The Dangers of Using the Word Cure
By now, most people have heard about the 2-1/2 year-old who was reportedly cured of HIV. It has been making headlines across the nation. The baby began receiving heavy doses of three drugs by infusion for the first 30 hours after birth. Now, the HIV virus is not just undetectable, but untraceable. The physicians involved say that this is as close to a cure as one can get. It is actually labeled as a long-term remission.
There is no way of knowing in the future if the child may relapse, but I am sure that the physicians involved will be monitoring this baby for years to come.
But what does the word cure really mean? According the Oxford English Dictionary, cure is defined as, “successful medical treatment; the action or process of healing a wound, a disease, or a sick person; restoration to health.” The case at face value fits this definition. Health was restored. However, there is no way of knowing if this is technically a successful medical treatment. The drugs were able to stop the HIV from developing reservoirs of dormant cells with the HIV virus. So there is potential for relapse and possible infection down the road. This is the first baby to have this pronouncement. The word cure creates headlines, sensationalizes the treatment, and can ultimately create bad press.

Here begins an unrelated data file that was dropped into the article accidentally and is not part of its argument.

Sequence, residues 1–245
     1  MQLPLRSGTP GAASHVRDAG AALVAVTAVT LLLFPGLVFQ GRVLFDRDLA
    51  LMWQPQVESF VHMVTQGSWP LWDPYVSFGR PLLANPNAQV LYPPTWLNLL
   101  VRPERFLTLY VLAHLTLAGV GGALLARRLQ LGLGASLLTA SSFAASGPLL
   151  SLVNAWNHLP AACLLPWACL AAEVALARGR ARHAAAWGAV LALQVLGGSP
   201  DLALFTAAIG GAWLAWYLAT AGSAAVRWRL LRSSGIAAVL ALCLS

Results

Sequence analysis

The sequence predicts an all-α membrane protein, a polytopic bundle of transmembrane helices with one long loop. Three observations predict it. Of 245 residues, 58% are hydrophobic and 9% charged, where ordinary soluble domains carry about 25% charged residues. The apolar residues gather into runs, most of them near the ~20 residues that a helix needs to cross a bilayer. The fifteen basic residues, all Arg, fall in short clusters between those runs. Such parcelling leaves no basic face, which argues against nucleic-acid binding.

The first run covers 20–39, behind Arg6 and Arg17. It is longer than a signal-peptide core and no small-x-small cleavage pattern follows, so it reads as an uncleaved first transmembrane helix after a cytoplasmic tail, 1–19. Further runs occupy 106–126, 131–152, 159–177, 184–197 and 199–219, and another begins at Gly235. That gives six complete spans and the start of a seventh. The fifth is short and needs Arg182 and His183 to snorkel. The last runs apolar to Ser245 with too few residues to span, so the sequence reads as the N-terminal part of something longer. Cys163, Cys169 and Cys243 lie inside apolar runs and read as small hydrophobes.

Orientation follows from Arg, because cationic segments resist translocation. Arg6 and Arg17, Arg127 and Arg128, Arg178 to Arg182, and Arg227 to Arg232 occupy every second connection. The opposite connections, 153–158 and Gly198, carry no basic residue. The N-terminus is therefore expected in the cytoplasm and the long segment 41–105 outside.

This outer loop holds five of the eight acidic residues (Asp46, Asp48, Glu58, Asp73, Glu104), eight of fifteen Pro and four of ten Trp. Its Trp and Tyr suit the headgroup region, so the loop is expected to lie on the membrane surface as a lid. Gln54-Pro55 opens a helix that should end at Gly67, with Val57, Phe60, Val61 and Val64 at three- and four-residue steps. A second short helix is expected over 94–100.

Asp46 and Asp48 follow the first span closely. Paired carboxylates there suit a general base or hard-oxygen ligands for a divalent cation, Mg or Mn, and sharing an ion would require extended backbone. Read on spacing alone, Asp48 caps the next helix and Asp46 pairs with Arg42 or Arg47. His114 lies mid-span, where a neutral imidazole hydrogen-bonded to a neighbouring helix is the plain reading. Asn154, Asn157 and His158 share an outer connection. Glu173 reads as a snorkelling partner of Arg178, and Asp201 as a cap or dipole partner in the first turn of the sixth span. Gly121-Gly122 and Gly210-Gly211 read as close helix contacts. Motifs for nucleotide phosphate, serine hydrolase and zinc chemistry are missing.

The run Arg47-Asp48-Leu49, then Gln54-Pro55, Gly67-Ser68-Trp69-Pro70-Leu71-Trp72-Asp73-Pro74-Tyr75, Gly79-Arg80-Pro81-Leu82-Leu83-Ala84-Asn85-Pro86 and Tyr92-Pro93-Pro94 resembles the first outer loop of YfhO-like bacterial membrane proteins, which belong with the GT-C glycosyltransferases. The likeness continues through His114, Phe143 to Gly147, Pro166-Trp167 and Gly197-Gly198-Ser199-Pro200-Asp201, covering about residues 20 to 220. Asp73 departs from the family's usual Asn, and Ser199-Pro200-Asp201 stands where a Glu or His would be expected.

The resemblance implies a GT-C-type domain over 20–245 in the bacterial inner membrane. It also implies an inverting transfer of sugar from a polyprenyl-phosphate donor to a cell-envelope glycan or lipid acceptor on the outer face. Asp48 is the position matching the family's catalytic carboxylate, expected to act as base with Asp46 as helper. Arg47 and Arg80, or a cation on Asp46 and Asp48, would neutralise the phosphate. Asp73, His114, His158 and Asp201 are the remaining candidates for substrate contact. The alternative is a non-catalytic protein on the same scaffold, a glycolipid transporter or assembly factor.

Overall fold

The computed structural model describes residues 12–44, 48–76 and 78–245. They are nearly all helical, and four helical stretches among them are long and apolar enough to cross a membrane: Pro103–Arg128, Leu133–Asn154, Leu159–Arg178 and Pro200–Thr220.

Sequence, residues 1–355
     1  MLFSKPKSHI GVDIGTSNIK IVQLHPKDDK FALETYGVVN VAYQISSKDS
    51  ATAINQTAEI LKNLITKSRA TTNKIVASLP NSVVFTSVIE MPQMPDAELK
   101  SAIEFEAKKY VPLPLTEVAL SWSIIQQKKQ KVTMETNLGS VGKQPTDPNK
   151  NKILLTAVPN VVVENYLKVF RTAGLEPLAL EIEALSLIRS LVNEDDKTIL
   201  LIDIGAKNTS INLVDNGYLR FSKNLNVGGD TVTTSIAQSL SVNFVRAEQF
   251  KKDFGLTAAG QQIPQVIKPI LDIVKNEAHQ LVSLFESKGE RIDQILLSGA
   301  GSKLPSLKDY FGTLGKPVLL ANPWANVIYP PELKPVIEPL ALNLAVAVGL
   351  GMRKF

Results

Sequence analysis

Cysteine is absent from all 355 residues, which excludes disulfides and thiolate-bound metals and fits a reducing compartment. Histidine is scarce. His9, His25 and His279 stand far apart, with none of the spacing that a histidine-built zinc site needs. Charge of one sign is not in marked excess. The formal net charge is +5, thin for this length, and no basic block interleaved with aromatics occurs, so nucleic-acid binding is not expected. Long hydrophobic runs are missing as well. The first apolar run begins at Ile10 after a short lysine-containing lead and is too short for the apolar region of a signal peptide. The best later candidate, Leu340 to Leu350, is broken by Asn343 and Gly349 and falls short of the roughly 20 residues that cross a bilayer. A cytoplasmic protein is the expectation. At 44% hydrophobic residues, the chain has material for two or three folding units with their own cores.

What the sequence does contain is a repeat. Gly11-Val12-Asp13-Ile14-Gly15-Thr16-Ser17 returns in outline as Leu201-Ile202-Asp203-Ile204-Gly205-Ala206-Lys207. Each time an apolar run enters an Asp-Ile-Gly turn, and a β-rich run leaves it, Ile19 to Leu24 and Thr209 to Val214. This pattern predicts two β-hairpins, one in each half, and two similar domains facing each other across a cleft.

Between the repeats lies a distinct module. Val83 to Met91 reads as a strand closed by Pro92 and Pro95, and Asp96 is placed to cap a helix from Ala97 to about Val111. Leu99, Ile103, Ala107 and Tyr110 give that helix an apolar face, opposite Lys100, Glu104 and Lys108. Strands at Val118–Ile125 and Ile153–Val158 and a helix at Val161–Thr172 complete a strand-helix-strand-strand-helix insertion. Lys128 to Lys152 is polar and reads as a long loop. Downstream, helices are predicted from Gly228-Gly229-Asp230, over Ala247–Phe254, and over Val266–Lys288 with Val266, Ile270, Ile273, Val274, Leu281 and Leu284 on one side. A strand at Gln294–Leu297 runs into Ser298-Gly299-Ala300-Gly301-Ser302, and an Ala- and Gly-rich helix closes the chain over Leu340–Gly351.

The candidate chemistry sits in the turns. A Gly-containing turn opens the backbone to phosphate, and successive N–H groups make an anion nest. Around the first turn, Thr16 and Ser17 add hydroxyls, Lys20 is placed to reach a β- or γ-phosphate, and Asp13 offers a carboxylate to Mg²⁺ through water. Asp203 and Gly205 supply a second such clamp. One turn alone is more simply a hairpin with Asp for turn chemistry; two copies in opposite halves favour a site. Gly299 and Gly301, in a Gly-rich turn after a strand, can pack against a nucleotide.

A good example of being cautious of using the word cure is in cancer treatment. When a cancer patient is at the end of their treatment and all tests indicate that the cancer is no longer in the body, the oncologist and physicians use the word remission. It is not for five years, that the word cure is used. Oncologists continue with routine screenings and checkups to monitor for relapse as well as discuss the rates of relapse. In the case of the baby, there are no relapse rates available, and there is no long-term standardized plan.
By creating this frenzy, those involved have fostered hope in the minds of many HIV positive and AIDS patients around the world. However, this case is not an example of a cure for those who have been dealing with HIV for years. This case introduced treatment to the pediatric patient shortly after the HIV virus was introduced to the blood stream. In this case, the pediatric patient was knowingly at risk so preparations and treatments were introduced as soon as possible. For most, they are not aware that the HIV is being introduced to their body. Even a few hours could be too late. While this case is an amazing example of proactive thought and follow-through by the physicians, it still illustrates the importance of knowing one’s HIV status especially for pregnant women. If this case can teach the average person anything, it is the importance of getting tested. Know your status. Take precautions to not infect yourself or others.